The Mahabharata of Krishna-Dwaipayana Vyasa Bk. 3 Pt. 2 eBook

This eBook from the Gutenberg Project consists of approximately 629 pages of information about The Mahabharata of Krishna-Dwaipayana Vyasa Bk. 3 Pt. 2.
begot offspring upon the wives of the foremost of monkeys and bears.  And those sons equaled their sires in strength and fame.  And they were capable of splitting mountain peaks and their weapons were stones and trees of the Sala and the Tala species.  And their bodies were hard as adamant, and they were possessed of very great strength.  And they were all skilled in war and capable of mustering any measure of energy at will.  And they were equal to a thousand elephants in might, and they resembled the wind in speed.  And some of them lived wherever they liked, while others lived in forests.  And the adorable Creator of the Universe, having ordained all this, instructed Manthara as to what she would have to do.  And Manthara quick as thought, understood all his words, and went hither and thither ever engaged in fomenting quarrels.’”


“Yudhishthira said, ’O adorable one, thou hast described to me in detail the history of the birth of Rama and others.  I wish to learn the cause of their exile.  Do thou, O Brahmana, relate why the sons of Dasaratha—­the brothers Rama and Lakshmana—­went to the forest with famous princess of Mithila.’

“Markandeya said, ’The pious king Dasaratha, ever mindful of the old and assiduous in religious ceremonies, was greatly pleased when these sons were born.  And his sons gradually grew up in might and they became conversant with the Vedas together with all their mysteries, and with the science of arms.  And when after having gone through the Brahmacharya vows the princes were married, king Dasaratha became happy and highly pleased.  And the intelligent Rama, the eldest of them all, became the favourite of his father, and greatly pleased the people with his charming ways.  And then, O Bharata, the wise king, considering himself old in years took counsel with his virtuous ministers and spiritual adviser for installing Rama as regent of the kingdom.  And all those great ministers were agreed that it was time to do so.  And, O scion of Kuru’s race, king Dasaratha was greatly pleased to behold his son,—­that enhancer of Kausalya’s delight—­possessed of eyes that were red, and arms that were sinewy.  And his steps were like those of a wild elephant.  And he had long arms and high shoulders and black and curly hair.  And he was valiant, and glowing with splendour, and not inferior to Indra himself in battle.  And he was well-versed in holy writ and was equal to Vrihaspati in wisdom.  An object of love with all the people, he was skilled in every science.  And with senses under complete control, his very enemies were pleased to behold him.  And he was terror of the wicked and the protector of the virtuous.  And possessed of intelligence and incapable of being baffled, he was victorious over all and never vanquished by any.  And, O descendant of Kurus, beholding his son—­that enhancer of Kausalya’s joy—­king Dasaratha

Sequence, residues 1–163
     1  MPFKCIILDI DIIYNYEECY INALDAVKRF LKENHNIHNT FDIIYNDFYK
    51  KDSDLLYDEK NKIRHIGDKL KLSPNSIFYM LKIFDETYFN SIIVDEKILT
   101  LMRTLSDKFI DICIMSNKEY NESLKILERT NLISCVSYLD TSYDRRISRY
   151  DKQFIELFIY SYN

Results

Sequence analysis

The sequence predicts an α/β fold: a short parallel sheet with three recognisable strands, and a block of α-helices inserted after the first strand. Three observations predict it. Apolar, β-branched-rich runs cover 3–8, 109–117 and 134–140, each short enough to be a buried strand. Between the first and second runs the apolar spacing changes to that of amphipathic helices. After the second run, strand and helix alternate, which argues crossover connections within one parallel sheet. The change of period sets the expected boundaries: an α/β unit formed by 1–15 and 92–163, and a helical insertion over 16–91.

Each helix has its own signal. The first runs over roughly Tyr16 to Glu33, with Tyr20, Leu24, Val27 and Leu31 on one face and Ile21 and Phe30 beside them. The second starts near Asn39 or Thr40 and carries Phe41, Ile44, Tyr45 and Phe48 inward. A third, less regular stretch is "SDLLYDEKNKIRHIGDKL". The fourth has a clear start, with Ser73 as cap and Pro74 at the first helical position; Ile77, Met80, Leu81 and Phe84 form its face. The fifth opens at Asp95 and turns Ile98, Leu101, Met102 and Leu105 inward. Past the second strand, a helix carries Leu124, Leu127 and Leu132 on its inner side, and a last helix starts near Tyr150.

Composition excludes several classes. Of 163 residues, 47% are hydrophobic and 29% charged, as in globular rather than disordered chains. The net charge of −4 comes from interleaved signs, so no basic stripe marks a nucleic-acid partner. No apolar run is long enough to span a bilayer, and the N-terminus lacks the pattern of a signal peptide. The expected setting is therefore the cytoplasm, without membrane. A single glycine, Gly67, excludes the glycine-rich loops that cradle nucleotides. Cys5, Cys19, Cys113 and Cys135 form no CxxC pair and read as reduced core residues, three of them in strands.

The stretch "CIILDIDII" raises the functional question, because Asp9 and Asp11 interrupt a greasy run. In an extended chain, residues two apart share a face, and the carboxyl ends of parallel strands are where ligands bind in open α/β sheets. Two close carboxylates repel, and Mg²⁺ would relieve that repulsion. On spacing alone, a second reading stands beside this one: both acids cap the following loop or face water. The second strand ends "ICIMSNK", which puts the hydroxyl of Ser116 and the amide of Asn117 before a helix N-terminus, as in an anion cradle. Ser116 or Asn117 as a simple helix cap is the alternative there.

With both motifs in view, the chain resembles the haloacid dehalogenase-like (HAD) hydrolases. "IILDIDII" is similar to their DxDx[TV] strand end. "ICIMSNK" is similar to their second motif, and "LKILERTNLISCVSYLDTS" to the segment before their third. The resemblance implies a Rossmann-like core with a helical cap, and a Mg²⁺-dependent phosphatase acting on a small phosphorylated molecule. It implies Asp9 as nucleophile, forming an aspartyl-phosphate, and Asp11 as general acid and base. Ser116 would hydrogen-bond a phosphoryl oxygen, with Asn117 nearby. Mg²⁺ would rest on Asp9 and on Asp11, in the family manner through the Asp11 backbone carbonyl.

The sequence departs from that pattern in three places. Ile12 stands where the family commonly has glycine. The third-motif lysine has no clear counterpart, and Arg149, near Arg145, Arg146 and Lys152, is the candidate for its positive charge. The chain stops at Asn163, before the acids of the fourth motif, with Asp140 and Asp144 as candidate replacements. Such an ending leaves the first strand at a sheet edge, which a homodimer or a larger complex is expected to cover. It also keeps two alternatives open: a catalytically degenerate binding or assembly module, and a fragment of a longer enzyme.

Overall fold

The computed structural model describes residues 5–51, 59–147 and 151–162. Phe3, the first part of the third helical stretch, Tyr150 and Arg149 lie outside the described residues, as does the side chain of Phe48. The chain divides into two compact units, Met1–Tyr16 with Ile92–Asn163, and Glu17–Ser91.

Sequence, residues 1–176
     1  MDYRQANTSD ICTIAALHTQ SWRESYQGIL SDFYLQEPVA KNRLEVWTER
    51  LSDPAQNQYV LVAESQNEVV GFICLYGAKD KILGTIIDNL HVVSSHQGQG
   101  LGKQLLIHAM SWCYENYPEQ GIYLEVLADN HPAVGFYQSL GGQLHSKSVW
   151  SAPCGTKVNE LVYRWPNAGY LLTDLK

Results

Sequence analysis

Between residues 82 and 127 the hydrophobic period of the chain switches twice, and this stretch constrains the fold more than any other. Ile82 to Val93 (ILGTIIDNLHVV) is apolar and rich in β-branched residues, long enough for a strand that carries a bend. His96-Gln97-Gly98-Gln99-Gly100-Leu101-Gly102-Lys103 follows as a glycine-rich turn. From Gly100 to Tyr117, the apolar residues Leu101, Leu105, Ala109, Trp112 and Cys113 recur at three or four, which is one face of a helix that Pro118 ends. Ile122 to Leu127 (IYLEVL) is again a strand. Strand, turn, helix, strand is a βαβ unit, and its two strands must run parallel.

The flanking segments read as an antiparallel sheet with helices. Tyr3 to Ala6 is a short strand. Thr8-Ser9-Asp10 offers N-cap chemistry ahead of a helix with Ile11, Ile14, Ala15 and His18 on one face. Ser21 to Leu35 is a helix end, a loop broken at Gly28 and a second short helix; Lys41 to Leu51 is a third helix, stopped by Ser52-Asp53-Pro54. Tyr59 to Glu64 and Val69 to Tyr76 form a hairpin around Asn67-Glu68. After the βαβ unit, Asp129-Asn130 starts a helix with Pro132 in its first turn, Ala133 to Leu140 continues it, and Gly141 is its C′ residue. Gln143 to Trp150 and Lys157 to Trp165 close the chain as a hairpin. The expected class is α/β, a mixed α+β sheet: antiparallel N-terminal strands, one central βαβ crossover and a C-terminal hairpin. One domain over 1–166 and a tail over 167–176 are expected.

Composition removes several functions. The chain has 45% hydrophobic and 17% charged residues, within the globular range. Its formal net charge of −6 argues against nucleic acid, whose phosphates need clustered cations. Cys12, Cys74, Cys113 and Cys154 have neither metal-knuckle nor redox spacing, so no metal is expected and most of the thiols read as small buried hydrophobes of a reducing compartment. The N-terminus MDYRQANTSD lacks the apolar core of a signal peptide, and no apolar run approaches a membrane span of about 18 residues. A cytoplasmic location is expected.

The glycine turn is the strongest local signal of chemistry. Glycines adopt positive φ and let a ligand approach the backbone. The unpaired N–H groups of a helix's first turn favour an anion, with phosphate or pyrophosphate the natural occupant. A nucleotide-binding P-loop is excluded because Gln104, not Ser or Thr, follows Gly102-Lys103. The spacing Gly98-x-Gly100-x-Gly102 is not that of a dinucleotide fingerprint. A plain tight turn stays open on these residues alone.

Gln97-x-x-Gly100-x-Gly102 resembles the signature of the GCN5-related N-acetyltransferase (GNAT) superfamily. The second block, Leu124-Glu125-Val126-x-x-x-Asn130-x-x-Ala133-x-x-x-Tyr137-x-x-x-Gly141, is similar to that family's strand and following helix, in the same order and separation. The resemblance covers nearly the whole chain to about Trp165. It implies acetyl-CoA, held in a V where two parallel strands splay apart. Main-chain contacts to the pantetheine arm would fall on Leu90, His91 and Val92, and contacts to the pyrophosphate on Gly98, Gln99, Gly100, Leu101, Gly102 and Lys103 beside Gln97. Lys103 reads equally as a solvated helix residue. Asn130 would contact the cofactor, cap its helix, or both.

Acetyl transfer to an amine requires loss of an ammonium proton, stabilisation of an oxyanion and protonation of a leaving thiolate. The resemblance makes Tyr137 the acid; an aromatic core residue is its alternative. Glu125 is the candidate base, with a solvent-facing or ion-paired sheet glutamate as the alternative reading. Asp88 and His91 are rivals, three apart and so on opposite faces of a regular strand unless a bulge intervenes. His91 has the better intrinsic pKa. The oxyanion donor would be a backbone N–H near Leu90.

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The Mahabharata of Krishna-Dwaipayana Vyasa Bk. 3 Pt. 2 from Project Gutenberg. Public domain.
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